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Audi A6

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  • mpyles1mpyles1 Posts: 90
    Amarchan or Timcar, do you have any idea whether the sport springs in the Audi accessories catalog are the same springs used in the A6 Sport Package? I have ordered a 2002 4.2 with Sport Package, which the brochure says lowers ride height by 1/2", increases spring rate by 30% and damping rate by 40%, and stiffens the anti-roll bars. (I notice some car mags have described the standard A6 as "oversprung and under-damped.") This doesn't sound quite like the Eibach springs you described, Timcar, as lowering the ride height by 1 1/2". Are the Sport Package springs nevertheless Eibachs?

    By the way, I just received the summer wheels I ordered -- SSR Competitions. People have been raving about them on the internet. They use a new proprietary forging technology that reportedly allows extremely light weight. My 17 x 8.5 inchers weigh about 15.5 pounds apiece . . .and they're beautiful to boot. Has anyone had any experience of these wheels on a 2002? (Most of the internet writers have put them on BMW's, Miatas, and some Audi's . . . but not a 2002 A6 with Sport Package that I can find.)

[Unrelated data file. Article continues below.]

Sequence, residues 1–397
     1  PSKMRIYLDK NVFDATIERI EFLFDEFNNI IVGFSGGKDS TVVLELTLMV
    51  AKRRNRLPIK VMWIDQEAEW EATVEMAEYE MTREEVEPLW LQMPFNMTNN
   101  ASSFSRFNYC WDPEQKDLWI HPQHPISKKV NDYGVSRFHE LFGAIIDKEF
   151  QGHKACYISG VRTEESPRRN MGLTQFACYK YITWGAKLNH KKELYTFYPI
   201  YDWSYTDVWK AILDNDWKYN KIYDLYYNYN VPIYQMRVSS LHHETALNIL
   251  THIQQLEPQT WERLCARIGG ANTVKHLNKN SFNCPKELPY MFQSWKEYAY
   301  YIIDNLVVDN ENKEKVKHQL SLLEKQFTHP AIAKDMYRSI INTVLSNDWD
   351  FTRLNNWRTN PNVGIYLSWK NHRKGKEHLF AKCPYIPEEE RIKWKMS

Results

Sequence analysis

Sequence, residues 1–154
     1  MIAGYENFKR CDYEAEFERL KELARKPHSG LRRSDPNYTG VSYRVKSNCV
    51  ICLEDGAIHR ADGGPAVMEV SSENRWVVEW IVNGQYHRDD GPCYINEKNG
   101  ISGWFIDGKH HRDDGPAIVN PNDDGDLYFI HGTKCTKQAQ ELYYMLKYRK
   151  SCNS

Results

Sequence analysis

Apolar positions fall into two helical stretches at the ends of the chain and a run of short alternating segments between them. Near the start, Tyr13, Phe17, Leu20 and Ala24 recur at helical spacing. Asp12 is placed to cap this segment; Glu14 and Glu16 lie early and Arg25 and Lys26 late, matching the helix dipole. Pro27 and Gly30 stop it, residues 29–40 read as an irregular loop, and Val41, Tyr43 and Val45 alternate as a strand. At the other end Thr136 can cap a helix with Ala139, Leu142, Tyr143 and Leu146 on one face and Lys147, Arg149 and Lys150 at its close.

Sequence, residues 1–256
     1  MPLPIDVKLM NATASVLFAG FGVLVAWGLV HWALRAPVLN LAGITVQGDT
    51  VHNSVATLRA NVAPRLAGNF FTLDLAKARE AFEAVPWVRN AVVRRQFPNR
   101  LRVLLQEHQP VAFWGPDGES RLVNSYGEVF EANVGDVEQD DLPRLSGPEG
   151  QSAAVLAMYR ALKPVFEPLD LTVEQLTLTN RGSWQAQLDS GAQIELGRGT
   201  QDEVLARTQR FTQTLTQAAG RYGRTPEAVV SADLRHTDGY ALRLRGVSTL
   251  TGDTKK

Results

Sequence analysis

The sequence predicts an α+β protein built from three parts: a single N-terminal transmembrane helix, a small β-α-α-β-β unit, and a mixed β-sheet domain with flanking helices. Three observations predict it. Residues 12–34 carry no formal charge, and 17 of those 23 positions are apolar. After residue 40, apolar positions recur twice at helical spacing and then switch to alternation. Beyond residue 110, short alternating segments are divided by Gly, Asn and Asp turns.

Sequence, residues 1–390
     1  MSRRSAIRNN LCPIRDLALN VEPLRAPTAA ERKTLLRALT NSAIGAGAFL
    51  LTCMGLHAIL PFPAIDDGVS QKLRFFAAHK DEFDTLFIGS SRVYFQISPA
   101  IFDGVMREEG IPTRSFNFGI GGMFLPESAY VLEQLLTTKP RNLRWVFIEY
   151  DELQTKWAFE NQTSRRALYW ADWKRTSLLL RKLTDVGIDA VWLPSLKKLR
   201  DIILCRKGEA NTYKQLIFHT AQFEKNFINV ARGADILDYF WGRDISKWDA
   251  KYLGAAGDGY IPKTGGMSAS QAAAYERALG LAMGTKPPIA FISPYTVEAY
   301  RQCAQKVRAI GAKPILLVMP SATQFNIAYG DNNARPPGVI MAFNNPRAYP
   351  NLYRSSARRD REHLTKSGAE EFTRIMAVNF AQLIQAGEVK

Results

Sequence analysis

• timcartimcar Posts: 363
    I believe the standard sport package springs are NOT the same Eibachs sold as an accessory. I seem to remember that Eibachs are more aggressive. Most people seem to prefer the sport package, as an overall package, to just changing springs. Many who have changed springs have chosen to go back and add a thicker anti-sway bar, and sometimes new shocks.
  • amarchanamarchan Posts: 23
    For 2002 all the A6 springs changed to a firmer rate, and if you look in the Audi accessory list on www.audiusa.com you will see that the sport springs are not available for the 2002 model. I suspect that the stock springs are now the sport springs available previously as an option. As I posted before, I had the opportunity to drive an A6 2.7 with the optional springs and I found them to be better than the stock springs in my 2001 A6. Firmer but not harsher. Actually more compliant for the first couple of inches of travel.